Vice’s Tess Owen has more on the letter.
Another bill the Times editorial board believes Brown should veto is SB 813, the bill to eliminate the statute of limitations for sexual assaults (which is currently 10 years).
The bill was triggered by the fact that the statute of limitations has been up for many of the dozens of women who have come forward and accused Bill Cosby of sexual assault. Proponents believe the bill would get rid of “arbitrary” deadline for seeking justice. Opponents of SB 813 argue that removing the statute of limitations would make wrongful convictions more likely.
BROWN APPROVES FUNDING “HOUSING FIRST” STRATEGY FOR HOMELESS VIA $2 BILLION IN BONDS
The “No Place Like Home” money will go to counties to pay for permanent supportive housing for chronically homeless people suffering from mental illness.
Senate President pro Tem Kevin de León (D-Los Angeles) says developing supportive housing “will improve the quality of life in our communities and give hope to thousands of Californians currently living in despair across our state.”
SOCIOLOGIST DISCUSSES NEW BOOK ABOUT POLICING SKID ROW
In spite of law enforcement efforts to provide compassionate “relationship policing”, relations between police and Skid Row’s homeless are tenuous, says sociologist Forrest Stuart.
In his new book, Down, Out, and Under Arrest: Policing and Everyday Life in Skid Row, sociologist Forrest Stuart explains why law enforcement’s “therapeutic policing” model may seem more like punishment to LA’s homeless, rather than compassion.
Stuart argues that giving people who commit minor infractions—like entering a crosswalk after the countdown clock has started ticking—a choice between receiving a ticket and taking advantage of available services, does not build trust between Skid Row residents and officers, even if the strategy is well-intentioned. Instead, Stuart believes ramping up permanent affordable housing—with those services—is a better strategy.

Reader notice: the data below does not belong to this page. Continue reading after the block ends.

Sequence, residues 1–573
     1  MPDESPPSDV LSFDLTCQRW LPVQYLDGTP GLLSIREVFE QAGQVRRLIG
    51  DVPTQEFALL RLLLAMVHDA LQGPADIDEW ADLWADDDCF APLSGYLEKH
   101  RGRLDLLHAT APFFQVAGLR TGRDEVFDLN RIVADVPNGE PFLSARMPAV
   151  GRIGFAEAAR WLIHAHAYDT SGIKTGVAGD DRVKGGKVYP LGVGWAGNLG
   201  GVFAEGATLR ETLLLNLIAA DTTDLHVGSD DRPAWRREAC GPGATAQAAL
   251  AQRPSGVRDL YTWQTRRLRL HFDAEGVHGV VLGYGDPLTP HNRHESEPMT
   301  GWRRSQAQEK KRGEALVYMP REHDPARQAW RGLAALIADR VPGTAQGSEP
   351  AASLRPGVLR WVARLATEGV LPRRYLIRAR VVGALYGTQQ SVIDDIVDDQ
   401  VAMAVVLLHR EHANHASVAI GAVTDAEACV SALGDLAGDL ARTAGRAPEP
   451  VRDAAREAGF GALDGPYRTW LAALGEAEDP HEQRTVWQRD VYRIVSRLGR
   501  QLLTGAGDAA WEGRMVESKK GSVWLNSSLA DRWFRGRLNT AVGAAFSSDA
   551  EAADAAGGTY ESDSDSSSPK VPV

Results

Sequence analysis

Stuart discusses his book on KPCC’s Take Two with hosts A. Martinez and Alex Cohen. Here’s a clip:
Police in Skid Row would target people who do that and give them a ticket.
At the same time, however, those officers will say the ticket can go away IF that person gets assistance from one of the nearby social service providers.
“There’s this notion that people have chosen to be poor, that people have chosen to have chronic addictions,” says Stuart. “When we talk to officers, one of the ideas is, ‘I want to make this place as uncomfortable as physically possible so people don’t want to live here.'”
Stuart says that officers, themselves, see that they are acting out of compassion for the people of Skid Row and that those social services will help get them off the streets and out of the neighborhood.
“What I was hearing time after time was that these officers would have to throw their hands up and say, ‘I’m not a social worker, I’m not a case worker. But yet the city has asked me to deal with all of these social issues,'” says Stuart.
Meanwhile, the people of Skid Row getting those citations viewed service organizations with suspicion and distrust, according to Stuart.
Couples would need to be apart because shelters and services are separated by gender, for instance, or shelters would force residents to abandon most of their belongings to bring in just one bag with them.
“These spaces – people look at them as not a real, viable alternative,” he says, “but now they’ve got police saying, ‘Either you go into these places or else we’re going to arrest you.'”